“The great thing is to prevent his doing anything. As long as he does not convert it into action, it does not matter how much he thinks about this new repentance. Let the little brute wallow in it. Let him, if he has any bent that way, write a book about it; that is often an excellent way of sterilising the seeds which the Enemy plants in a human soul. Let him do anything but act. No amount of piety in his imagination and affections will harm us if we can keep it out of his will. As one of the humans has said, active habits are strengthened by repetition but passive ones are weakened. The more often he feels without acting, the less he will be able ever to act, and, in the long run, the less he will be able to feel.”
Your affectionate uncle,
I remember his eyes the clearest.
They were dark, scowling, and said I had pain coming.
Last night I woke from a dream of facing the playground bully I feared over 30 years ago. He wasn’t the only one I’d face, but he was the first, the first to send my heart racing, my mind scanning for whatever I’d done to deserve this singling out. The attention he called to his domination was as painful in the dream as it had been at my small Christian school. The shock of it, the crippling fear of all the eyes on me completely outweighed the injustice of his anger.
And with no adults around, every kid in the grassy lunch area waited to see what I’d do. The dream brought it all back perfectly preserved, packed away with the animating reactions, the old jagged terror exactly the same. His taunt convicts me again today.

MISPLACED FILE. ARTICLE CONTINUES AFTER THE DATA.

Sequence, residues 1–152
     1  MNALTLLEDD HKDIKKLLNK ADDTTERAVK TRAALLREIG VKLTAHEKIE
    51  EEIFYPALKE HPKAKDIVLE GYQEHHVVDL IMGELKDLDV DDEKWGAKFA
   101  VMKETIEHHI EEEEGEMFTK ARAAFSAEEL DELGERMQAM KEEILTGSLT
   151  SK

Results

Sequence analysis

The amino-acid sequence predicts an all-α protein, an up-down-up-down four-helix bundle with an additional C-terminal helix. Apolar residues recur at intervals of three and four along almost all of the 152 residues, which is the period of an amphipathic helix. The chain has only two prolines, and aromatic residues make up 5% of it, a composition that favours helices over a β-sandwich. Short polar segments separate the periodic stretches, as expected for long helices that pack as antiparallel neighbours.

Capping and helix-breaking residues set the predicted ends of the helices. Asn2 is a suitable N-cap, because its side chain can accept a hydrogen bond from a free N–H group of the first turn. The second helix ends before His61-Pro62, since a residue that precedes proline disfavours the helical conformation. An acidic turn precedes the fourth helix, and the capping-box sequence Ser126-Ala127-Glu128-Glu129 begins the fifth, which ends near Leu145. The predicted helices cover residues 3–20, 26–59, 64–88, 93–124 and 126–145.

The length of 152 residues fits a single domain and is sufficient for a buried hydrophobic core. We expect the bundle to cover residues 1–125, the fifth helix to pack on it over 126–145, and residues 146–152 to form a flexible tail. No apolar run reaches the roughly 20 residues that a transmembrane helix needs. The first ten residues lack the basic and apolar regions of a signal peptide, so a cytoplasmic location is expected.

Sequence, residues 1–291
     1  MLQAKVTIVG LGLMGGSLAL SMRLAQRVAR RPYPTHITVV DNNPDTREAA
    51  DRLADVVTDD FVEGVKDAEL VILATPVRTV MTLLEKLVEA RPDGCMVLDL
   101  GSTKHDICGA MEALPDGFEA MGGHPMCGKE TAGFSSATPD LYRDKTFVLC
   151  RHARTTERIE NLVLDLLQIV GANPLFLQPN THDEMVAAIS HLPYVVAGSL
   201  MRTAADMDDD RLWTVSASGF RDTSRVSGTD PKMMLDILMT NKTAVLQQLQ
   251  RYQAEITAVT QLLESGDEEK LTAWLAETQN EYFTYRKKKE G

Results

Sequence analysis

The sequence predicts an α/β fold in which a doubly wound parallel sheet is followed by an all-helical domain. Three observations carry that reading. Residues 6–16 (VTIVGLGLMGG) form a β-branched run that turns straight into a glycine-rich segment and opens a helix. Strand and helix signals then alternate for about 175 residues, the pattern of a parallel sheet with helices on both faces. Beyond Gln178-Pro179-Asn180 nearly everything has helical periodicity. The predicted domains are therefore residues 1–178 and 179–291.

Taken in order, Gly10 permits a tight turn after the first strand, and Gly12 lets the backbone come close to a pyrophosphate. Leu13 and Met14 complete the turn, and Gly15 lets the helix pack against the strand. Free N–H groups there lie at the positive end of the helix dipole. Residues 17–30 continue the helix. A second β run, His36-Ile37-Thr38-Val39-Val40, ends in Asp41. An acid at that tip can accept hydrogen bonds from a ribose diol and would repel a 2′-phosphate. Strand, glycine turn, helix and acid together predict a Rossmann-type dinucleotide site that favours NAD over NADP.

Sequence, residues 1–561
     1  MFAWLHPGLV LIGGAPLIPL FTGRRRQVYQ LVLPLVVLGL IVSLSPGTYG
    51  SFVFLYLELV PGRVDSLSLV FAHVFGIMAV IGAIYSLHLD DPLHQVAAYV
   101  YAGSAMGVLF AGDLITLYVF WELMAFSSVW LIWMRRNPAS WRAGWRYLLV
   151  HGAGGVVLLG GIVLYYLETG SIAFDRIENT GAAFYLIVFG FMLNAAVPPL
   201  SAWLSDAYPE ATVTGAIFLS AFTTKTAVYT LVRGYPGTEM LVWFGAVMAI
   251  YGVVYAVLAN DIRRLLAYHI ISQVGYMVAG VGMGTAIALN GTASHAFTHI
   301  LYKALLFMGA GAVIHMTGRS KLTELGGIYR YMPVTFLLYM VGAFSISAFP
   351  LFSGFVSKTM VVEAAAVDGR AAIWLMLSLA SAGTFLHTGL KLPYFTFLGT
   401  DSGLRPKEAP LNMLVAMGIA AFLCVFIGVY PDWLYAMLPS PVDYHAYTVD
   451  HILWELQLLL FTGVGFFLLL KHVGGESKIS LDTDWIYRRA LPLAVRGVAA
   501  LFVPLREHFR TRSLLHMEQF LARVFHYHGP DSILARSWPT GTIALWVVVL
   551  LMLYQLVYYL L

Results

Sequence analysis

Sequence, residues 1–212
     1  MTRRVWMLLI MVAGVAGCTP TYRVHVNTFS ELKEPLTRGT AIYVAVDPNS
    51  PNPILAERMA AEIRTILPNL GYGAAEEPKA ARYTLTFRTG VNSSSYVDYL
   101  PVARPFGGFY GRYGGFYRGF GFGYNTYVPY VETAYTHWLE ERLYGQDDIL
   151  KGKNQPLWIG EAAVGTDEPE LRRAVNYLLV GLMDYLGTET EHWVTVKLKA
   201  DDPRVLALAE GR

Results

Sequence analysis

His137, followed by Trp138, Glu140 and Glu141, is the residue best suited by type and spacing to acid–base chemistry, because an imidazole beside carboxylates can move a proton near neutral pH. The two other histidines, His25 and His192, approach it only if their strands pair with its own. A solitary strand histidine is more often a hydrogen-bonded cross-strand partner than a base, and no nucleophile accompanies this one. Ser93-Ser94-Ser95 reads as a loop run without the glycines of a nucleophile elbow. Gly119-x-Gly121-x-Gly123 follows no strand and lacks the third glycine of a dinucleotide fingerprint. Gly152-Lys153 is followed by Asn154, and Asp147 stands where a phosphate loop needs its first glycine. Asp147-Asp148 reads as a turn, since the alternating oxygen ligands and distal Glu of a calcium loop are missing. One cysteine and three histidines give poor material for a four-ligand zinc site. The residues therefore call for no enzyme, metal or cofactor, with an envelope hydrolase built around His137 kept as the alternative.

“Whatcha gonna do?”
The undeniable truth had rung and reverberated inside me: there was no way out of this without much suffering.
And this morning it’s a potent reminder: there are many things to which God calls us every day that will require some suffering. To love Him and others as ourselves. To treat others as we want to be treated. To seek justice, love mercy, and walk humbly with Him. To act in defense of the defenseless. To offer help to the hurting, disadvantaged and foreigner in our midst. These make up the most important things we have to do today. And they are all the same thing requiring the same thing: a commitment to accept and even embrace the inevitable suffering they will require.
The bullies can be opposed with kindness. But when we don’t heed that call, we slowly become deaf, our effectiveness becomes dulled, and our hearts harden.
With every bully, we have to oppose them with kindness, a love that’s stronger than their fear and rage. Every day the question is posed again: will we now do what we know we must? Will we resist, deny, wait, excuse, reconsider, protest, confuse, delay, distract, misread, ponder, challenge, evade, escape…
Or will we act?
I can’t deny I feel Ann’s book working on me still. Even through the recent election, I’m still thinking and fighting to integrate what it’s taught me, to allow it into my life. It’s a big undertaking, and the change is profound. I see two paths lie ahead. One is a move toward life. To do otherwise is to pursue death.
We have only to pursue that which we know to be true. Yet so often we don’t do what we must because we fear suffering. We act in self-preservation. This I know: the longer I avoid doing what I know in my head is right, the sooner my heart will stop feeling what is right. And my mind, my precious mind I protect and cherish above all else, will close.